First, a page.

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Top CD rates today: July 10, 2024 | Explore today's highest APYs

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Key takeaways

  • Today's top CD rate across terms is 5.35% APY, offered on a 6-month term.
  • In addition to choosing a CD based on APY, be sure to pick a term that suits your financial goals.
  • Competitive CDs are earning at least three times the national average rates for most terms.

Opening a fixed-rate certificate of deposit (CD) with a term of at least one year, today, should give you peace of mind that your savings will continue to earn the same annual percentage yield (APY) should rates begin to retreat later this year. APYs on competitive CDs have been high as of late because they follow the federal funds rate, which is currently at a range of 5.25-5.50 percent — the highest it has been since early 2001. But with the Federal Reserve expected to lower rates later this year, CD APYs could eventually drop, in turn.

Currently, the highest APY across CD terms among banks we monitor is 5.35 percent, and it’s offered on a 6-month term from Bask Bank. A $1,000 minimum deposit is required. The previous leader on our list of banks was CIBC Bank, which offered 5.36 percent APY on a one-year CD. However, the rate dropped to 5.21 percent APY. You’ll find that many shorter terms are earning higher yields than longer ones in the current rate environment.

Bankrate monitors CD rates every weekday, and today’s top rates are listed in the table below, along with national average rates and the amount you’ll earn with $5,000 in a high-yield CD.

Today's CD rates by term

CD term Institution offering top APY Highest APY National average APY Estimated earnings on $5,000 with top APY
3-month America First Credit Union 5.25% 1.22% $64
6-month Bask Bank 5.35% 1.71% $132
9-month Forbright Bank 5.30% N/A $197
1-year Bask Bank 5.30% 1.79% $265
18-month Bask Bank 5.00% 1.91% $380
2-year First Internet Bank of Indiana 4.76% 1.52% $487
3-year First Internet Bank of Indiana 4.61% 1.41% $724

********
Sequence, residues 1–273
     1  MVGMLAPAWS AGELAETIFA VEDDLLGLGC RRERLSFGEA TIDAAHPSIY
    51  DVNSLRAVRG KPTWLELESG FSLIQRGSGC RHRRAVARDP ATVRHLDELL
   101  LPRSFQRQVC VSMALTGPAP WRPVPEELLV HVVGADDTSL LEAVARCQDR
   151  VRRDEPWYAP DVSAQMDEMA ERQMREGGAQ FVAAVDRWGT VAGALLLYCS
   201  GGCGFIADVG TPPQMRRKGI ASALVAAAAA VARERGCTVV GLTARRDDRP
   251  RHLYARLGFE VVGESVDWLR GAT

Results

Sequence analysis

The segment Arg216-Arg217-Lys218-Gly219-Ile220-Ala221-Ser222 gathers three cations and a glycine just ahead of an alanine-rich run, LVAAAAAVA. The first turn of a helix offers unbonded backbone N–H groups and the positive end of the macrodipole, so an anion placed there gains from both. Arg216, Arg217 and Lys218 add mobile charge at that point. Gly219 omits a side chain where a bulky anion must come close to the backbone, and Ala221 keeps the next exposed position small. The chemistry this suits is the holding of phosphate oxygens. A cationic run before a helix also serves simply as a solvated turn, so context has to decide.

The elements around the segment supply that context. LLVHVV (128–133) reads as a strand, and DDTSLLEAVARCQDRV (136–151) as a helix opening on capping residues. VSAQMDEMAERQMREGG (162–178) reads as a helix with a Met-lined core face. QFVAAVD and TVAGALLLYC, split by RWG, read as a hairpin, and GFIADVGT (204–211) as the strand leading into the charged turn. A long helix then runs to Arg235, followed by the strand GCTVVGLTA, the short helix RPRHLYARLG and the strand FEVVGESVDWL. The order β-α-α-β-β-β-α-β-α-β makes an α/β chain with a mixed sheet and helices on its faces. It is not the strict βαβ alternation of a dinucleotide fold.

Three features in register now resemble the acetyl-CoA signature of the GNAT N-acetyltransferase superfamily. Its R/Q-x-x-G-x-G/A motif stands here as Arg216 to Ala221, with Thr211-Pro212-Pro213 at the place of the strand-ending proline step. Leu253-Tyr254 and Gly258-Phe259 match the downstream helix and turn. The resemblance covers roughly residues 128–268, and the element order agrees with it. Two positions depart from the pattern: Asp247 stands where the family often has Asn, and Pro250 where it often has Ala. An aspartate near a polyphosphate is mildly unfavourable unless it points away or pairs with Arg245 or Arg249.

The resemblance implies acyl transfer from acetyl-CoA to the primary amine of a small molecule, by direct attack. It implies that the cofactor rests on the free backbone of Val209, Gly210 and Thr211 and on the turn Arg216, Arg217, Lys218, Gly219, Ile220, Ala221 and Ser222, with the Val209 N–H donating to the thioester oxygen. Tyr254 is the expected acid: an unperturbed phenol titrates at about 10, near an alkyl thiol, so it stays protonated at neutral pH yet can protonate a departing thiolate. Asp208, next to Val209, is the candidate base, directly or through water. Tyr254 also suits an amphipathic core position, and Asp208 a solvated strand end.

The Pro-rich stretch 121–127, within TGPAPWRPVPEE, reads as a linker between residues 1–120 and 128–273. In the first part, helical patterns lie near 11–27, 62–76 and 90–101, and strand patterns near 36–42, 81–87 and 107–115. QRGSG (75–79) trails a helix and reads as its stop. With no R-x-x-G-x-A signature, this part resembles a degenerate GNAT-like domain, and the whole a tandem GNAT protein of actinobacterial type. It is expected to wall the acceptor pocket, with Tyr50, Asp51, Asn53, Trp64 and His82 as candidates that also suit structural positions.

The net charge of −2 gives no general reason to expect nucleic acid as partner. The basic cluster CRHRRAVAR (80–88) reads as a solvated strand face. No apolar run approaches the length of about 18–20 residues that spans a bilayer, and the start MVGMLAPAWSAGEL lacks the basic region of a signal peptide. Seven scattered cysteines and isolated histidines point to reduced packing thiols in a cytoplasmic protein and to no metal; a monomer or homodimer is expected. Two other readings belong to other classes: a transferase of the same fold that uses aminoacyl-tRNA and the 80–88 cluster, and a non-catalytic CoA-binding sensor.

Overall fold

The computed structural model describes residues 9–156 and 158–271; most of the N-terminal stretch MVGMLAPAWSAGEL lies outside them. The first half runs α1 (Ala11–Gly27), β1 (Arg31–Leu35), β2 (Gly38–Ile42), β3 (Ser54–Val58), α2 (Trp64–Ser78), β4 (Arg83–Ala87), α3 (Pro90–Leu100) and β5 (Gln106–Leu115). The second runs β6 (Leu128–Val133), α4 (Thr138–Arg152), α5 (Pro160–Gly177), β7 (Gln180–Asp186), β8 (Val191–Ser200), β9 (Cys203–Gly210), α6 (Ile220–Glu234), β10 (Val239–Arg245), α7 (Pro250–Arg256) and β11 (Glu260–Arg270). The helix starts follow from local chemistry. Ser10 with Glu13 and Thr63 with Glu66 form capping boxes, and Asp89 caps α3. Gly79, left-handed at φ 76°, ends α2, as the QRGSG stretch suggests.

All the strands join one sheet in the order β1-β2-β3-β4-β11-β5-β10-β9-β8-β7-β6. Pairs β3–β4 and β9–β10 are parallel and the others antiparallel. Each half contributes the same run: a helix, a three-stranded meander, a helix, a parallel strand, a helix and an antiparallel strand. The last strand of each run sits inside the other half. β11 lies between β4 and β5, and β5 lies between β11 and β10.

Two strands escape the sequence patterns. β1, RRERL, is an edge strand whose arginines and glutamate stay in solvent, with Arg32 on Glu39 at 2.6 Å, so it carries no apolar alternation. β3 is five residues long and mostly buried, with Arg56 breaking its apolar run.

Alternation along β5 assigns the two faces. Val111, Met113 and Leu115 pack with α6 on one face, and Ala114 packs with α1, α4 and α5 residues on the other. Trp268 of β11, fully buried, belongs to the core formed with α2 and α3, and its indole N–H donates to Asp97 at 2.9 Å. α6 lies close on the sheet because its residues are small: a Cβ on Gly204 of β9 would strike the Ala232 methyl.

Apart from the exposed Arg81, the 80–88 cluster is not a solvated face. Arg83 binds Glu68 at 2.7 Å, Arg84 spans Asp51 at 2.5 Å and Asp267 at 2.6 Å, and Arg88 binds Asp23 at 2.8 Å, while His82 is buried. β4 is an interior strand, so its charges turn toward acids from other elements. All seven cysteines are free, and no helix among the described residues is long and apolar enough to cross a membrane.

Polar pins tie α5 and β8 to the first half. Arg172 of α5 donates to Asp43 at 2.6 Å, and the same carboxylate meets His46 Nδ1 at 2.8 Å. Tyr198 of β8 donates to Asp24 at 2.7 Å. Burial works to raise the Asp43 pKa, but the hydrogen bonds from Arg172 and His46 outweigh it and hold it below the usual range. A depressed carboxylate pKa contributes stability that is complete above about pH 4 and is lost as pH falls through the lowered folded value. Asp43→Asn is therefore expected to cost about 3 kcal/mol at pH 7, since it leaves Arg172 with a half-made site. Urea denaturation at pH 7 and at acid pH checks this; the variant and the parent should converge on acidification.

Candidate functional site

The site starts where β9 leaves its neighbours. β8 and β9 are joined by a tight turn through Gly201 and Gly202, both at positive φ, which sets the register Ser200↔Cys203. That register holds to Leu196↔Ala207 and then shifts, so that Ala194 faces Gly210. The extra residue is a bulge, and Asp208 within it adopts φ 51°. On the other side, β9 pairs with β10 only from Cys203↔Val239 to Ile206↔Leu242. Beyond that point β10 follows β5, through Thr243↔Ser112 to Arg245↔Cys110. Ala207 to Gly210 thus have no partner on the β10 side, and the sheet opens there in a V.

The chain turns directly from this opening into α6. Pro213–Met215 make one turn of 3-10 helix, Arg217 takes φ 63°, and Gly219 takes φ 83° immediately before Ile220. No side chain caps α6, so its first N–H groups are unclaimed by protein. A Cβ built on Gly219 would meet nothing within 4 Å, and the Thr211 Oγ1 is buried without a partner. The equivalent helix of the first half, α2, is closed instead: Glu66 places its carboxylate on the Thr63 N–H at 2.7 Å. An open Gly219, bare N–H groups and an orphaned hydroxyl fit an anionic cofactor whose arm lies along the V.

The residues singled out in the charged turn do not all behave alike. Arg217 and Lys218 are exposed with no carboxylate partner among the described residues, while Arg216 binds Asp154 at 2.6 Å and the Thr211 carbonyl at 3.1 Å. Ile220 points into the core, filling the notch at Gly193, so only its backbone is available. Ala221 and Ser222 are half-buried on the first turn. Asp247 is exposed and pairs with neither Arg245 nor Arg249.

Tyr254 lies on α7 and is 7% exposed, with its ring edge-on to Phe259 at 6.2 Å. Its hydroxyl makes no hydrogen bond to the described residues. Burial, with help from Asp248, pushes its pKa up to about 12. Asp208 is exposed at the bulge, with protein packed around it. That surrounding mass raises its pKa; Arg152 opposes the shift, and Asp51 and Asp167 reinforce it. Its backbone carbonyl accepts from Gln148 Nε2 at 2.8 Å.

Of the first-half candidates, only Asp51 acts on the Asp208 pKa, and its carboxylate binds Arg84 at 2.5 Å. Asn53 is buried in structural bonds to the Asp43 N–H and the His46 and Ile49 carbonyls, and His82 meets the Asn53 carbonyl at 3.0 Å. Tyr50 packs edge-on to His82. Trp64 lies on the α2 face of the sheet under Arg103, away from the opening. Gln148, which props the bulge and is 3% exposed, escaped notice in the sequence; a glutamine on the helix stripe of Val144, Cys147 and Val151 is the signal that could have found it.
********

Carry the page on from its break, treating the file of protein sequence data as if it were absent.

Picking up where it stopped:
4-year First Internet Bank of Indiana 4.45% 1.48% $951
5-year First Internet Bank of Indiana 4.50% 1.40% $1,231

Note: Annual percentage yields (APYs) shown are as of July 10, 2024. APYs for some products may vary by region.

N/A: Not available; Bankrate doesn’t track national averages for the 9-month CD term due to limited available data. Estimated earnings are based on the highest APYs and assume interest is compounded annually.


When is a CD a good idea?

You might decide to open a CD when rates are likely to start falling on deposit accounts. Thanks to its fixed interest rate, a competitive CD will continue to earn its high yield for the full term, even in a falling rate environment. Another benefit of the guaranteed rate is you’ll be able to calculate in advance how much interest the account will earn through the end of the term.

What the current rate environment means for CDs

In 2022 and 2023, the Federal Reserve raised its benchmark interest rate a total of 11 times, bringing its current target range to a 23-year high of 5.25-5.50 percent. However, the Fed has left rates unchanged for seven straight meetings, due to inflation not slowing as quickly as it has in the past.

Yields on competitive savings accounts and CDs tend to move in lockstep with the Fed’s interest rate moves. As such, many banks increase their yields when the Fed raises rates, and they lower yields when the federal funds rate drops. While the Fed has held rates steady since July 2023, top CD APYs ended up peaking in late 2023 and have since been decreasing gradually.

Is it still a good time to open a CD?

“Even though CD yields have pulled back a bit, you’re still able to lock in yields that are well in excess of inflation and do so for multiple years,” says Greg McBride, CFA, Bankrate’s chief financial analyst. “The declines will likely accelerate as we get closer to the Fed beginning to cut interest rates, so there is no sense in waiting.”


Research methodology

Bankrate calculates and reports the national average APYs for various CD terms. Factored into national average rates are the competitive APYs commonly offered by online banks, along with the very low rates often found at large brick-and-mortar banks.

In June 2023, Bankrate updated its methodology that determines the national average CD rates. For the process, more than 500 banks and credit unions are now surveyed each week to generate the national averages. Among these institutions are those that are broadly available and offer high yields, as well as some of the nation’s largest banks.